Digital signature library 38 is implemented as instruction code resident upon client terminal 12 for execution by processing circuitry 13. Digital signature library 38 provides an interface between user interface application forms from server 16 and digital signature components including private key management system 18, snapshot broker 30, and public key infrastructure (PKI) components such as certificate authority server 14. Digital signature library 38 coordinates communications intermediate servers 14, 16, private key management system 18 and client terminal 12. In the described configuration, digital signature library 38 utilizes TCP/IP communications. Other protocols are possible.

Approval tables 34 may be implemented as a separate database from dynamic database 36 or as distinct tables within dynamic database 36. Approval tables 34 are utilized to store digital signatures of respective snapshots during a given implementation of system 10.

Further, approval tables 34 store reference data regarding the digital signatures and snapshots. In general, approval tables 34 provide data and embedded procedures which bind flat historical snapshots with current data in dynamic database 36. For example, approval tables 34 store reference data such as database query information or procedures used to recreate respective snapshots of digital data stored within snapshot database 32 using dynamic database 36 at subsequent moments in time. Such query information can include identifiers for fields, rows, columns, tables, etc. of dynamic database 36 and is stored when the data set of the snapshot is digitally signed and referenced to the respective snapshot. Alternatively, the query information may identify a version controlled file which contains the database query procedures if such procedures are extensive.

Such query information may be recalled at subsequent moments in time to regenerate data from portions of dynamic database 36 corresponding to the stored snapshots (which were generated using data within dynamic database 36 from corresponding portions at an initial moment in time). Approval tables 36 also include identification information (also referred to as fingerprint identification information) identifying digital users or signers and their respective signed snapshots. For example, an employee identification number may be utilized to identify the signer of a snapshot or a fingerprint ID to identify the digital certificate used for signing.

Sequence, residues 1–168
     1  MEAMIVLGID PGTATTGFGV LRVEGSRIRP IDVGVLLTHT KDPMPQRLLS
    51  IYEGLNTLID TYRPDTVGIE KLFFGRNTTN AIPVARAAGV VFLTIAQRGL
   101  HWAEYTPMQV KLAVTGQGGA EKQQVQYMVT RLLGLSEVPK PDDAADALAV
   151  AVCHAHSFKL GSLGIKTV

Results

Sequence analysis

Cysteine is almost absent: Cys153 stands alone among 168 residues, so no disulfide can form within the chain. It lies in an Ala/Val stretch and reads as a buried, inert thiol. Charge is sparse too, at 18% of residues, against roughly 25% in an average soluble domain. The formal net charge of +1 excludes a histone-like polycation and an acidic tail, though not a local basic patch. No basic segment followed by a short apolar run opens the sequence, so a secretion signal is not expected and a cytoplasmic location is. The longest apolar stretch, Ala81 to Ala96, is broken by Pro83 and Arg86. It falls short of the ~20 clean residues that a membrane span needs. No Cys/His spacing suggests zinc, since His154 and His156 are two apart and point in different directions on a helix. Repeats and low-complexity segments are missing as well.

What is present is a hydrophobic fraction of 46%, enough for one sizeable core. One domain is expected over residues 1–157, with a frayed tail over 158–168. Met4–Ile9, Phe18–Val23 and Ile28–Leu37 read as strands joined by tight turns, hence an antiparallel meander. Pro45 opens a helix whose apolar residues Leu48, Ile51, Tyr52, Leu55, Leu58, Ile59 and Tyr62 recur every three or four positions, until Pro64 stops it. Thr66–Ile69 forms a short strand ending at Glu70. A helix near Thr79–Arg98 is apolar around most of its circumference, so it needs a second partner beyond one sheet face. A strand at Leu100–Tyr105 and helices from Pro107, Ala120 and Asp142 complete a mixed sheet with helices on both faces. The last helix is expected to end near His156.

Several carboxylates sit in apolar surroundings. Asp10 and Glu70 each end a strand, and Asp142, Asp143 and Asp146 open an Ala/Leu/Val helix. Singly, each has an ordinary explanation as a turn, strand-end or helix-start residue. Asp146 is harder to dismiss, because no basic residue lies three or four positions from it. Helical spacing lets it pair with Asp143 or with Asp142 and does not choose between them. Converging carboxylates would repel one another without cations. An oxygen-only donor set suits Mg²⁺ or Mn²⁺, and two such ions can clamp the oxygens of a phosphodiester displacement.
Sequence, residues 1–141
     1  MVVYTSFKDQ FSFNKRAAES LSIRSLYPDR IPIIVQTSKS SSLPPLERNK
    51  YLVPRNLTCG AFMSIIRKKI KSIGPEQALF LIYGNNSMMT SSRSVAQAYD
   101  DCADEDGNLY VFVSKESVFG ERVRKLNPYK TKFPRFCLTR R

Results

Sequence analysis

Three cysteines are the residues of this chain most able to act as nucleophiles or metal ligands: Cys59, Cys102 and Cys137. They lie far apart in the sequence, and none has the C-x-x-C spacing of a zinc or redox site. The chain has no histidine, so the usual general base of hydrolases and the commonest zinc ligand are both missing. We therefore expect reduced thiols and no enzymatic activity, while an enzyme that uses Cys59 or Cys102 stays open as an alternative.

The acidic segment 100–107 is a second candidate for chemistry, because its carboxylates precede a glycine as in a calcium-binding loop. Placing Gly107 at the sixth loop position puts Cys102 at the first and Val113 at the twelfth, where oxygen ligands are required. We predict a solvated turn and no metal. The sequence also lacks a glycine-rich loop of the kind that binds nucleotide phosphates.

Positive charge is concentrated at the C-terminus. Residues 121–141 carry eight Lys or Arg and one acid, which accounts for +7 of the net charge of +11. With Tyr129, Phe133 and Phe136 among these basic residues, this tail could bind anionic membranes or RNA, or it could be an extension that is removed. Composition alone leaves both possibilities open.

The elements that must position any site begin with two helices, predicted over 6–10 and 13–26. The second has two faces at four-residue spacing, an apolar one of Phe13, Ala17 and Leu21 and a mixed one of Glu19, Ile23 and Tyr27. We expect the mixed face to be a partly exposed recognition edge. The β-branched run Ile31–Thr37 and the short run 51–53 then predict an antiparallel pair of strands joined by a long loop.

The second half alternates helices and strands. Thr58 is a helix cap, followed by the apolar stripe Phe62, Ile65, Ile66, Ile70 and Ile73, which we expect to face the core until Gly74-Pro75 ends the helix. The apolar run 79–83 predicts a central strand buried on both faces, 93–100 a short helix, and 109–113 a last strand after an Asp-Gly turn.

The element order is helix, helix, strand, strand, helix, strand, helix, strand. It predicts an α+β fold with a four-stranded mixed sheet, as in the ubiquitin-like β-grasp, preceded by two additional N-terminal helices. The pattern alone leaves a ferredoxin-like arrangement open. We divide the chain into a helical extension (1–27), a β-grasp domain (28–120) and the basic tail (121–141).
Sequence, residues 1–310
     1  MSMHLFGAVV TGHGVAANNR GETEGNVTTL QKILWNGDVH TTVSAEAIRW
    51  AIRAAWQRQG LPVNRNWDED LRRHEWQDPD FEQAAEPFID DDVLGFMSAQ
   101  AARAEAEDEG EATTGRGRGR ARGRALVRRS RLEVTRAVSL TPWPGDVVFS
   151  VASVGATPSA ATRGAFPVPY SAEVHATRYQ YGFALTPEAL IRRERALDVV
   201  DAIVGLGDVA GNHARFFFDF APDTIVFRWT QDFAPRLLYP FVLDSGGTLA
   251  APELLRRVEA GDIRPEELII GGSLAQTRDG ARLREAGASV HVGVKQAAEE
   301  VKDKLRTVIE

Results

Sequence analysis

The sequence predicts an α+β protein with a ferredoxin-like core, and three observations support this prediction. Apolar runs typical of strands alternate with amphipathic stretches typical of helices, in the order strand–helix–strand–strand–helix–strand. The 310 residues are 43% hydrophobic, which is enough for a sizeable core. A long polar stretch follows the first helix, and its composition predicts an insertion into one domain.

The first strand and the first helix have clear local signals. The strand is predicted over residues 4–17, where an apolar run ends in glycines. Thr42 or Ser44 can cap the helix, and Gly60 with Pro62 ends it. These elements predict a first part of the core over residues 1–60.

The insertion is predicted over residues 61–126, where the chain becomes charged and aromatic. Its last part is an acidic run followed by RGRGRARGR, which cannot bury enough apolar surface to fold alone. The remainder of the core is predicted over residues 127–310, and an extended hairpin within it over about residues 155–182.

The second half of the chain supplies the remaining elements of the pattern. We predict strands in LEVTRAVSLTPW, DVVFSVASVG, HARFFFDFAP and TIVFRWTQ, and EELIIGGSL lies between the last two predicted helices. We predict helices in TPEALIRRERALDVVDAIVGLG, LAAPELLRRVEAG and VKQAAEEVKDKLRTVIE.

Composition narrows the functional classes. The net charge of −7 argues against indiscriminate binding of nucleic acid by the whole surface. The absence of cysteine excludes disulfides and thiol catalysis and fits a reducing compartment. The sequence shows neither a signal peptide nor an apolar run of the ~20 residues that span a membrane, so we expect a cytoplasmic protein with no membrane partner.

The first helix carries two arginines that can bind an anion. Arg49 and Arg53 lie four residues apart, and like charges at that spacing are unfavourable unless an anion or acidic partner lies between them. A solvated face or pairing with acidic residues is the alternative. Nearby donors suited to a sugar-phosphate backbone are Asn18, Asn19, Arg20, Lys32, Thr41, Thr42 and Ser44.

Approval tables 34 also include data regarding workflow (i.e., routing of signed data between different levels of authority for multiple signatures) in the described embodiment. Approval tables 34 include a snapshot procedure map or “trees of forms” to provide single, digitally signable entities while removing variations in display formats (e.g., spaces, number of significant digits, etc.). Such reduces the chances that cross-verification would fail inappropriately even though stored data is correct.

Approval tables 34 also define how a given signature level changes over time so application forms and schemas (within certain constraints) can change over time but still preserve cross-verification of stored historical digital signatures with respect to corresponding current data within dynamic database 36 as described further below.